“We’re obviously as a team working on the places she hasn’t been, what places are we going to highlight?” said Harris’ domestic policy adviser and one of his most senior aides, Rohini Kosoglu. “But some of our recent stops have been because she said, we have to go South.”

Administration officials say Harris has been known to return from trips with stories or ideas that she believes could influence White House policy. Landrieu, for his part, said his staff received material from Harris’s team which he then brought “to meetings of the Cabinet Secretaries, and then we start over and we keep going.”

For Harris, the travels have the added benefit of finding her footing in the second year of her vice presidency. Although she is second to Biden, she remains somewhat unknown to voters nationwide after her rapid rise to the vice presidency. She voted regularly in her 1940s and 1930s and there have been discussions among Democrats that she is not currently well-placed to succeed the president if he chooses not to run again in 2024.

But allies say the pandemic has made it difficult for the administration to really get out there, see voters and sell their accomplishments so far. “I have the impression that the administration has sea legs. She reaches out more. She doesn’t go out anymore. She’s really stepped up to make sure she’s there,” said former DNC chairwoman Donna Brazile, a White House ally who is part of a loose, unofficial network of confidants of Harris. “Apart from bringing a handful of people to Washington, she’s able to go out and really, really get people excited about the job.”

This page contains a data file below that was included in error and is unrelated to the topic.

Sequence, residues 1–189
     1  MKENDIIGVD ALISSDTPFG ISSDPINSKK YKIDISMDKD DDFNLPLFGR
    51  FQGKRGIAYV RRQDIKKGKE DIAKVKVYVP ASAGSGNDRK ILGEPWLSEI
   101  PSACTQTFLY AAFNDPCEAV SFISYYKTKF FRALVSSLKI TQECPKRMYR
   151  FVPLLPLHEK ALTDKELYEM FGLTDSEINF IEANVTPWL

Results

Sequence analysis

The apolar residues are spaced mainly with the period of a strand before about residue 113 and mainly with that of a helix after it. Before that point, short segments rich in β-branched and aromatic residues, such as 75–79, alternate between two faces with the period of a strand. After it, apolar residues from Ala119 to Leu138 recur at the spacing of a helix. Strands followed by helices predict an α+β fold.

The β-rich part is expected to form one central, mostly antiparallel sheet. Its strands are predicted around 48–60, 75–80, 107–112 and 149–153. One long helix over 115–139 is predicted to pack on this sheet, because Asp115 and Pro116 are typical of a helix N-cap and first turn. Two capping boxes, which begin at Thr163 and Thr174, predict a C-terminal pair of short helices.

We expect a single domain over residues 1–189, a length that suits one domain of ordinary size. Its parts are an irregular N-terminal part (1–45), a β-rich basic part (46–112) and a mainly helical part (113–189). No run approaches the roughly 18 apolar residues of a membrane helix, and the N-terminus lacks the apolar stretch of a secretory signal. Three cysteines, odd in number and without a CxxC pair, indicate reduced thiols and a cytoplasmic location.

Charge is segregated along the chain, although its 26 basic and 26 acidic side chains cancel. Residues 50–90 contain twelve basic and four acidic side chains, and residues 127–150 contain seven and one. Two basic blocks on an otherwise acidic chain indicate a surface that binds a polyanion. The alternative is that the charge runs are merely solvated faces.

Vice-presidential historian Joel K. Goldstein says Harris’s approach could help her change the way she is perceived in the press and across the country. “It’s part of kind of a perception boost so that in six months people are writing stories about how well it works internally rather than why its staff are leaving,” Goldstein told POLITICO.

“You put yourself in a position if it’s good to be someone who helps other people in administration, not someone who competes with them,” Goldstein added. “And that puts you in a position where people will then come to you with things and respond to your requests.”

In addition to an increase in travel, Harris’ media strategy has also expanded. She has spoken to a number of national media over the past six months, and her team has also increased the number of interviews with local press and journalists who don’t usually sit with a vice president. The goal is two-fold: to continue to find ways to speak to people who have been overlooked and to circumvent what they perceive to be part of the emphasis on process reporting in the DC press.

“It’s not the natural inclination [in D.C.] focus on those things. It’s a long way from the Beltway,” said Herbie Ziskend, Harris’ senior communications adviser. “And when the vice president goes to Poland and Romania and meets with world leaders and refugees, then leaves, and then the next morning she gets on a plane and flies to Selma. Much of this might go unnoticed in Beltway’s press.